Former Fed Chair Janet Yellen Warns About Wealth Gap | ETF Trends

The wide disparity in wealth in the United States that has been forming for decades could represent a significant threat to the U.S. economy, according to former Federal Reserve Chair Janet Yellen.

Yellen, who believes that the economy is in otherwise “excellent” shape, doesn’t see a recession coming, but believes the trade war and other economic risks are beginning to compound, potentially creating a bigger issue.

“I would bet that there would not be a recession in the coming year. But I would have to say that the odds of a recession are higher than normal and at a level that frankly I am not comfortable with,” Yellen said at the World Business Forum.

The former central bank leader from 2014 to 2018 also noted that the U.S.-China tariff war is having a detrimental impact both on businesses and consumers by inflating prices and spawning uncertainty.

Yellen sees the wide inequality in earnings and affluence as continuing to be skewed toward flowed peak earners and individuals with college or university degrees.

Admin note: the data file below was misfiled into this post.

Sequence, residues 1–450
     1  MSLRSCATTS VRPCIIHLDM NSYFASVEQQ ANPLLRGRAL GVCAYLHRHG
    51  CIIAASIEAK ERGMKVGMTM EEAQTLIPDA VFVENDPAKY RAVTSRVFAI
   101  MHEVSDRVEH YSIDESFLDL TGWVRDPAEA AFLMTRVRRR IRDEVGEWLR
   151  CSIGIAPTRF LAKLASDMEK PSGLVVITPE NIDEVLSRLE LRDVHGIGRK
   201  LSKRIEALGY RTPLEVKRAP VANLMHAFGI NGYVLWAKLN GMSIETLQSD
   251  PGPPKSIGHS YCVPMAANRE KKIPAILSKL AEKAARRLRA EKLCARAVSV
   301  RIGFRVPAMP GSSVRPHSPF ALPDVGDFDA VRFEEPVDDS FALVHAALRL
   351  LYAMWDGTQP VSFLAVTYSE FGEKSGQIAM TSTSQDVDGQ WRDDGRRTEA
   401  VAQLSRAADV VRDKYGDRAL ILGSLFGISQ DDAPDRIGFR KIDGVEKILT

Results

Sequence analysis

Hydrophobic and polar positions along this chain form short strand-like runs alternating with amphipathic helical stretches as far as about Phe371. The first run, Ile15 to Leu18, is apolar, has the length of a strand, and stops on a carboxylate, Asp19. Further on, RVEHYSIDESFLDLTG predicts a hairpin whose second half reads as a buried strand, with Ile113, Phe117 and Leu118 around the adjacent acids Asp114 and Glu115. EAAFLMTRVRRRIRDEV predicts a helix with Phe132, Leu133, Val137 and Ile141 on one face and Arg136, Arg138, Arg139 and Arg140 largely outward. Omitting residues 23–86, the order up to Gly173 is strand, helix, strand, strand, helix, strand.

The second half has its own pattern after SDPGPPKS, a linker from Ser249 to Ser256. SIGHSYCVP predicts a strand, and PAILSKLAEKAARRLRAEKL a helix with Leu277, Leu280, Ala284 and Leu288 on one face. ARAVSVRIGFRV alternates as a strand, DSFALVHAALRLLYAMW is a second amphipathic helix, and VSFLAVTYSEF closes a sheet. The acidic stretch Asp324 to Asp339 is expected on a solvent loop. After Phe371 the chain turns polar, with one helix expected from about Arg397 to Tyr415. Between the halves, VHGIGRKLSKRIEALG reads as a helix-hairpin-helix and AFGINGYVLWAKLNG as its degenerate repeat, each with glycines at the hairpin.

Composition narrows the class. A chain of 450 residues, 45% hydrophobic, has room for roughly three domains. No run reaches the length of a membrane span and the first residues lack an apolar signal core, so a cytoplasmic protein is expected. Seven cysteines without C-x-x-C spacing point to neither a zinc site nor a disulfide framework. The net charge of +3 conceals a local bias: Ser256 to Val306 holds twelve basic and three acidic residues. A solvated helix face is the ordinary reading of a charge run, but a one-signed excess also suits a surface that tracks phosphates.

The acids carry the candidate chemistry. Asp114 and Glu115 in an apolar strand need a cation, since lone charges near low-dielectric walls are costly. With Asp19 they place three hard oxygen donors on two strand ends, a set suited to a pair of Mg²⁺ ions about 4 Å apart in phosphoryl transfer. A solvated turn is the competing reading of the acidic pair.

Despite the central bank’s efforts to guide the economy, Yellen cited “a very worrisome long-term [trend]in which you have a very substantial share of the U.S. workforce feeling like they’re not getting ahead. It’s true, they’re not getting ahead.”

 “It’s a serious economic problem and social problem because it means the gains of our economic system are not being widely shared,” she added. “It leaves people ultimately with the feeling that the economy is not working for them, a sense of social discontent that is extremely disruptive.”
While Yellen acknowledged that the Fed is in some way contributing to the perpetuation of this troubling trend, she sees President Trump’s pursuance of a trade war and tariff decisions as creating problems for the economy.
“I see no sign that that’s been successful in turning around these trends,” she said of the protectionist trade actions. “These tariffs are taxes on American consumers and businesses. It’s making it more difficult and more expensive to do business, to control costs, and consumers are seeing higher prices from it.”
The Fed’s low interest rates create additional problems, she explained, as she recalls receiving emails during her time from people trying to save for retirement who were penalized by low interest rates.
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